Incision: Feminist in Residence Exhibition


Installation view of Incision, with work by Christen Clifford. Courtesy Project For Empty Space.

I’m pleased to announce that the Vagina is back—at least in New Jersey. Not the “pussy” in its pornographic or hat form, but the chthonic orifice that my mother and her friends got intimate with in their Happenings, wielding speculums in the name of the Goddess. Perhaps every generation has its moment to rediscover the vagina for itself, and Incision, a show at Project For an Empty Space in Newark, established by three women under thirty-five as a space for both political and intersectional art, arrives right on time, focusing on incursions upon the body from the perspectives of gender, race, and immigrant status.

In WE ARE ALL PINK INSIDE (2017), Christen Clifford, a performance artist, actress, and monologist, takes video of the inside of her cervix as well as the cervixes and anuses of other people of varied genders. These images are projected as a loop on the canted superior wall of a wedge-shaped room, which is paneled in mirror mounted behind rose-colored plexiglass. The effect is undeniably seductive, making me want to recline into this pink mirrored cervix en abyme tunnel.

She also blows up still images of her cervix and hangs them in the corridor outside the gallery. These stills look like airbrushed, abstract paintings, in shades of pink and blue—one thinks of Marilyn Minter—where water drops can be seen. But the work takes a disturbing turn in an adjacent installation by Clifford, AMERICAN DREAM (1986, 2007, 2018). The viewer sits in a booth behind a black curtain, puts on headphones, pushes a button, and listens to a cassette tape on which several boys talk about a rape one of them has committed. The tape is a relic that Clifford preserved from her own rape as a teenager, a recording that the boys themselves made over a selection of pop hits from the ‘60s titled “American Dream,” and then¾unbelievably¾gave her as a provocation. The audio is chillingly banal as the boys talk and giggle, apparently unaware that what they are describing is a crime, and then the tape slips into “It’s My Party,” by Lesley Gore.

Katherine Touchy, This body is water, II/ Gismee Maya (detail), 2018. Courtesy Project For Empty Space.

Clifford’s work is the most clear and direct in what it wants to say, which may be because she is the only artist in her forties. “This is my body,” she seems to tell the viewer; “this is my history; I will seduce you; I will make you feel my pain.” The contradictory nature of her feelings are separated, one in a shiny room that invites the viewer to recline, one closed off behind the black curtain of American Dream.

The other three artists’ work is more ambivalent, “existing in the space where both violence and healing are present,” as stated in the press release. Chaya Babu uses a photo of a scar from her myomectomy, the removal of fibroids from her uterus, and layers these images with cryptic texts that vacillate between sensual imagery, “flower and smoke on my tongue,” and the language of violence, “rupture,” “wound,” “cut.”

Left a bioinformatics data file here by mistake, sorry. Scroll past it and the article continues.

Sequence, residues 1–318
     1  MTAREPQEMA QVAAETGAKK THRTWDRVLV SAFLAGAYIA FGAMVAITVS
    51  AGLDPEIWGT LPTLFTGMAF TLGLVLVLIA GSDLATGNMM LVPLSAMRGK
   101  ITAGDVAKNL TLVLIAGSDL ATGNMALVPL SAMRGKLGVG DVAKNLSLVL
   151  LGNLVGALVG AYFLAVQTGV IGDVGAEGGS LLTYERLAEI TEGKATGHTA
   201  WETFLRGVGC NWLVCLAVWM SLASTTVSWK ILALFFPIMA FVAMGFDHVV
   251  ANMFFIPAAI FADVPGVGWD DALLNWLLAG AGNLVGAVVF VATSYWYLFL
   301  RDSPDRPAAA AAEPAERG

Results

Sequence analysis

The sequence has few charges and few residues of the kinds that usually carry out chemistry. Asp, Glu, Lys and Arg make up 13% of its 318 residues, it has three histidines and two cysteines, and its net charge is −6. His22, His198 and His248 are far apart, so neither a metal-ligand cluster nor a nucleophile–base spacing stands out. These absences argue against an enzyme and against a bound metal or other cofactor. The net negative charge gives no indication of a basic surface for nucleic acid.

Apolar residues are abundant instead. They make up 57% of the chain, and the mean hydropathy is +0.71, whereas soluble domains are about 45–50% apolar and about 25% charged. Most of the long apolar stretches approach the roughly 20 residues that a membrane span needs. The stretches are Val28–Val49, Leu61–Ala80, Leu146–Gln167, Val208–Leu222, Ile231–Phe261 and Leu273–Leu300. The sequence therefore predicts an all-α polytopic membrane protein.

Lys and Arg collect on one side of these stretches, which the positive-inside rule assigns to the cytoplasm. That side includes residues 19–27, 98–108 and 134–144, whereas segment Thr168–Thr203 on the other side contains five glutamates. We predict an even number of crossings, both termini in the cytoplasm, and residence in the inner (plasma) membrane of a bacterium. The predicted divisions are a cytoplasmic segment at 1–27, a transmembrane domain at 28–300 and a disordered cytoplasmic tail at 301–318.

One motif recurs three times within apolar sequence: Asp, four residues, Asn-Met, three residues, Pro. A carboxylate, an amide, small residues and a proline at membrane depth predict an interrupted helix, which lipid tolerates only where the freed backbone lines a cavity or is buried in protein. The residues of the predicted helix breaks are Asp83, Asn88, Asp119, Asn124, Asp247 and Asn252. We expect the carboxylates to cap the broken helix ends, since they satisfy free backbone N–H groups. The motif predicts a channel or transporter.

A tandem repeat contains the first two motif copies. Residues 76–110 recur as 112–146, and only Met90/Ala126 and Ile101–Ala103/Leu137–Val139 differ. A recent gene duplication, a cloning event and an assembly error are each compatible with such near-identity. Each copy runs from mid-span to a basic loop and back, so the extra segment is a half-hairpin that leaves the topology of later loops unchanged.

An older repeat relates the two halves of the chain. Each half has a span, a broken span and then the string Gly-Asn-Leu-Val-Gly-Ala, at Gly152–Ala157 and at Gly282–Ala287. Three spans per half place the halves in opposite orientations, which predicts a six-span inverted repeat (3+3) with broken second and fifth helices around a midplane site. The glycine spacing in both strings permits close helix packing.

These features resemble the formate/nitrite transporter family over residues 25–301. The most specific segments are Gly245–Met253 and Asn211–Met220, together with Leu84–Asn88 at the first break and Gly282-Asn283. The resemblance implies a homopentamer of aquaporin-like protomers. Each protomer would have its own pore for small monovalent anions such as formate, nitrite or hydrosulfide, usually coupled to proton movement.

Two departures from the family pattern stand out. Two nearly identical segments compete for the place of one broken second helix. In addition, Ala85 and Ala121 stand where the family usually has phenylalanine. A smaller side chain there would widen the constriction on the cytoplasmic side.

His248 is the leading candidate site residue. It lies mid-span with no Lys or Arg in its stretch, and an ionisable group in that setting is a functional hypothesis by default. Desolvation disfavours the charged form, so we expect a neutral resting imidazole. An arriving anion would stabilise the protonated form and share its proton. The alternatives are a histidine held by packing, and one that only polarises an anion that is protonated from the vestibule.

The work of Camille Lee seems to me characteristically millennial in its use of technology as a distancing device. In Untitled, (Do I have an American Dream?) (2018), she uses a a Siri-like voice to narrate a video that matter-of-factly describes her struggle to leave Korea and define her identity as an immigrant woman. In The Oath of Allegiance for Naturalization (2017), she removes words from the oath, and then substitutes other words like “anarchy” and “system,” which are attached to magnets. Rather than applying her own Mad Libs-style interpretation, she invites the viewer to move the word magnets around, re-writing the text of the oath for themselves.

In her work This body is water, II/ Gismee Maya (2018), Katherine Toukhy cuts legs and torsos out of paper, paints them in bright washes of color, and floats them over two blue walls of the gallery. The title suggests that the limbs are in a soothing natural state, when in actuality they are headless and armless; the overall effect is therefore one of uneasiness.

The exhibition succeeds in its mission of connecting with the present in its Pussy Photo Booth Project, designed specifically for the show by the curators, where viewers are invited to hold up signs of their choosing, from “I HAVE WITNESSED GENDER-BASED WORKPLACE DISCRIMINATION” to “FUCK YOU/PAY ME,” in order to take photos of themselves on an iPad and share them on social media. The innocence of the gesture worked well at the opening, as if the interactive performance art of the ’70s found a new expression in the era of the Women’s March, and it did feel a bit like a mini-march, one person at a time.


Cassandra Neyenesch

Cassandra Neyenesch is a contributor to the Rail.